As stated in the above message of Dr. Masako Egawa, the arrival of the knowledge society era has brought fierce competition among major research universities on the globe because the quality of research at universities and quality of students that the universities send out will greatly determine the destiny of the nation. UTokyo is making great strides to become one of the world’s best universities.
When we seriously think about Japan’s political influence and economic competitiveness in the world scene of tomorrow, it should be clear that as many students of UTokyo and other leading universities as we possibly can identify must be encouraged to aspire to become global leaders of the future. It is equally important for future leaders of America to get exposed to Japan and become interested in working with their Japanese peers.
Given the grave fact that the Japanese Government’s budget for education will be on the steady decline in the years ahead, it will be increasingly our responsibility, as alumni or friends of UTokyo, to invest in the human capital of tomorrow. As discussed in Mr. Masahiro Ono’s article in the current issue, many students at UTokyo and other major universities in Japan seem eager to find opportunities to study overseas, apparently contrary to what some mass media mistakenly report simply because many youngsters, and possibly a majority of adults, are introverted.
As reported in this and the September issues of the FUTI e-Newsletter (back issues are available in the News section on the front page of the website www.friendsofutokyo.org) and our newly established blog page, the 13 students (six UTokyo students and 7 U.S. students) who have received FUTI’s International Leadership Awards this past summer report on their exciting and eye-opening experiences that they had during the summer. Our future will depend on what these students can do for Japan, the U.S. and for the world. I truly believe that FUTI’s mission to nurture the younger generation, both in Japan and U.S.A., to “aspire to become global leaders” is a noble cause that deserves your financial support and encouragement.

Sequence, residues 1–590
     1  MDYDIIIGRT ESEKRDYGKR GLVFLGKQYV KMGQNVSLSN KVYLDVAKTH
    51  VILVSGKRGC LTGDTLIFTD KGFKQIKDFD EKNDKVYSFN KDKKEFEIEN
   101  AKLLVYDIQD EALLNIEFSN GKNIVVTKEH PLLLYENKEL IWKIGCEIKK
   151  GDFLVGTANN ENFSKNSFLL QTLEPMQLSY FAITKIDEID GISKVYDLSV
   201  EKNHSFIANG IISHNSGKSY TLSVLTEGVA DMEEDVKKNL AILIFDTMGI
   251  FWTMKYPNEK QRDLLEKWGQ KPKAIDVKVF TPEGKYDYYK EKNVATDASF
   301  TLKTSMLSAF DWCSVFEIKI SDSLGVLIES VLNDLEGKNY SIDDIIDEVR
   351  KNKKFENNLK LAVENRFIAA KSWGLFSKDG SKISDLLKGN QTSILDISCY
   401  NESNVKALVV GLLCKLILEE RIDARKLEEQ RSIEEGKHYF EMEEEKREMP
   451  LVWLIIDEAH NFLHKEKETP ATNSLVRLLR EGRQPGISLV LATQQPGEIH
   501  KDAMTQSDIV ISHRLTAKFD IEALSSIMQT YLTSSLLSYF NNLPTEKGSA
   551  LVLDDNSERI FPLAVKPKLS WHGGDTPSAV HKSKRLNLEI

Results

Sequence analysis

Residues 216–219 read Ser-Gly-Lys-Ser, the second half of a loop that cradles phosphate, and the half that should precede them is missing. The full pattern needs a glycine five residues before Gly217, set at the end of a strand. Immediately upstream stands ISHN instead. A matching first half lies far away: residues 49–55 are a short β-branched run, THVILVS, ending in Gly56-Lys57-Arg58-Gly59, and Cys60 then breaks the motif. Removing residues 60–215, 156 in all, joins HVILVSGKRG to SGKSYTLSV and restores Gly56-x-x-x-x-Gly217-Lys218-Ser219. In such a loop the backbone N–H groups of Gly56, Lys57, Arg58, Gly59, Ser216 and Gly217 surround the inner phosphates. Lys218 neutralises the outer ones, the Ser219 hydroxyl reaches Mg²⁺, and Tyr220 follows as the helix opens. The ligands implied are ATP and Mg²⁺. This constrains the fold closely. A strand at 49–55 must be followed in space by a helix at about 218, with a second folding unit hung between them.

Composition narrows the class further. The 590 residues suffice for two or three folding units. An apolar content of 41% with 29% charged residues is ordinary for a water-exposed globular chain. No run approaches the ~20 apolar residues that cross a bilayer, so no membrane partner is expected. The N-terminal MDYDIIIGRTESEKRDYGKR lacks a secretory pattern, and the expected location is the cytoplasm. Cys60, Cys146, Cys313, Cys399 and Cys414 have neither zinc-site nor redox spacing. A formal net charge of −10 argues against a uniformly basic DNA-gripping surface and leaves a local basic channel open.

I believe that we owe to UTokyo much of what we are today and what we have accomplished in our life, more than we may be willing to admit. It is true that our own efforts and our parents’ support as well as our DNA may have contributed to what we have achieved, but we received a world-class education at UTokyo for a fraction of the cost of its value. Furthermore, we have benefited a great deal from the fact that UTokyo is our alma mater. It is time for us to pay back to our alma mater, or to be more accurate, to Japan’s tax payers who invested in us.
Thank you and best regards,
President of Friends of UTokyo, Inc.
Professor Emeritus and Dean Emeritus, Princeton University
Articles in this newsletter:
- Message from Dr. Masako Egawa
- We need your support of FUTI: Message from the President
- Book Launch for “New Japan Architecture” held at the Japan Society
- Ms. Sumiko Ito, an FUTI Advisory Member, Aids Tohoku Disaster Victims in Japan
- Discussion Meeting with Dr. Masako Egawa on Internationalization of UTokyo
- FUTI‘s Awards for MIT Students’ Internship at UTokyo Labs
- Scholarships to Two UTokyo students at Yale’s ELI
- New initiatives to encourage Japanese students to study abroad
- FUTI Awards a Grant to the UTokyo-Yale Initiative